Deep Discounts…For A Price

All out of coffee.  What can be done?  The obvious solution might be to pick some up next time I go to town.  But I forgot that day.  And the next.  And the next.  Right about now, some of you are judging me – a real coffee drinker wouldn’t forget.  Well judge on, because I’m talking about instant coffee.

So the backup solution was to walk down the street the neighbor’s little home-front shop to buy three sachets of my 3-in-1 drug of choice.  In the process, I ended up sitting down and talking about spiritual things with my neighbor.  He expressed that even though there was presently so much injustice in the world (in his case a rapidly fluctuating Thai Baht that was bad for his bottom line), nevertheless, the wicked always get what they deserve, and the oppressed are always exonerated.  Really?  Are you talking about some kind of make-believe world?  As it happened, I had just finished reading Psalm 73, so we had a lively talk on the issue.

Many of us prudently opt to get supplies in bulk when we can.  Maybe making trips to Makro or Lotus (Thailand’s equivalents to Costco and Wal-Mart) saves a few Baht, but at what cost?  I hadn’t had a talk about the things of God with this neighbor for a very long time.  How many talks had I missed?  Much has been written over the years about the effect that big chain stores have on mom and pop stores and local economies.  What effect do they have on the spiritual economy?  I’m not talking about a wholesale abandonment of all big chain stores, but why not intentionally get a selection of products at the mom and pop shops?  One more way to make sure we are not walled away in mission compounds, removed from the community God has placed us in.

Bonhoeffer on Bible Reading

On reading large portions of scripture together as a family, Bonhoeffer anticipates some objection:

“Not only the young Christian, but also the adult Christian will complain that the scripture reading is often too long for him, and that much therein he does not understand.  To this it must be said that for the mature Christian, every scripture will be too long, even the shortest one.  What does this mean?  The scripture is a whole, and every sentence possesses such multiple relationships with the whole that it is impossible always to keep the whole in view when listening to details…it is good for us to be reminded daily of this fact, which again points us to Jesus Christ himself, ‘in whom are hidden all the treasures of wisdom and knowledge.’ (Col.2:3)” –Life Together, pg. 52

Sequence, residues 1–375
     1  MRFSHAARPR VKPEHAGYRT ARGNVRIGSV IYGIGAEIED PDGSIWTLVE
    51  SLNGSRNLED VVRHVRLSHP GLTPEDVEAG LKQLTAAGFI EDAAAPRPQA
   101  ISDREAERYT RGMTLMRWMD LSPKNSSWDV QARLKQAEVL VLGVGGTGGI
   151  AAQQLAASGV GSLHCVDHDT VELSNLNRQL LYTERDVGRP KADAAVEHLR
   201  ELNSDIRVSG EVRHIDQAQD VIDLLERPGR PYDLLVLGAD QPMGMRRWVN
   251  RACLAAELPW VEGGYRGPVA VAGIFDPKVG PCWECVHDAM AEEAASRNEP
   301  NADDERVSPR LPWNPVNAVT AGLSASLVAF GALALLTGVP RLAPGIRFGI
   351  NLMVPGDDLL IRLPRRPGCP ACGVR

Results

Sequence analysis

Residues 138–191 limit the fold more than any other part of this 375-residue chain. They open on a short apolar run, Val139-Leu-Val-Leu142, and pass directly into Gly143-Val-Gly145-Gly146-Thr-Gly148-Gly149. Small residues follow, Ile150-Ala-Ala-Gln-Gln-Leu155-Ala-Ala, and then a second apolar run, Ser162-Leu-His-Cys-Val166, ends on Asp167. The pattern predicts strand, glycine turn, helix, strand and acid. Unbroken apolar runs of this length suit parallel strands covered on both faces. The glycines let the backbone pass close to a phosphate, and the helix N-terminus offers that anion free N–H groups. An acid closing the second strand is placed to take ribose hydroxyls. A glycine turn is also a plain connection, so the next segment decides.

Book Review: The Mystery of The Gospel

Gospel-centered worship.  Gospel-centered preaching.  Gospel-centered parenting.  Gospel-centered discipling.  “Gospel-centered” is a bit of a buzzword in the ministry world.  This is exciting to see, as we know the gospel is the power of God for salvation to everyone who believes.  The more gospel the better.  My only reservation about the current trend is the terms are sometimes a bit vague.  Getting together for the gospel sounds great (it IS great) – but what does that mean specifically?  A popular preacher has rightly lamented many times that his country is “not gospel-hardened, it’s gospel ignorant.”  Every semester I pose the side_book_coverquestion to my incoming bible student’s: “so, what exactly is the gospel?”  This typically yields a variety of answers, ranging from “we need to love each other” to “Jesus died for you.”  As a pastor, church planter, and missionary, Trip Kimball’s life is one that has been dedicated to propagating the gospel both at home and abroad.  One of his passions is training church workers and leaders in ministering the gospel.  In his recent book “The Mystery of the Gospel,” the gospel is spelled out in simple (but not simplistic) terms.  Mr. Kimball starts with a diagnosis of the problem of gospel ignorance and the sometimes vague terminology that is often assumed, but rarely defined.  From this diagnosis, he moves to an overview of the comprehensiveness of the gospel by following five “threads” of gospel revelation in the book of Matthew.  After that is where this blogger sees Kimball begin to really shine, as he goes into what he terms the “essential gospel” – the core, non-negotiable, irreducible elements of the gospel message.  This is a great lesson, and with that foundation laid the book fleshes out this essential gospel into a broader gospel overview; how these essentials permeate what we believe about Christianity, from the incarnation to the return of our Lord.

All in all an excellent book – read it, and be instructed in how to better, and more clearly express the gospel message that is at the center of our faith.  Pick up a copy from Amazon or direct from the publisher.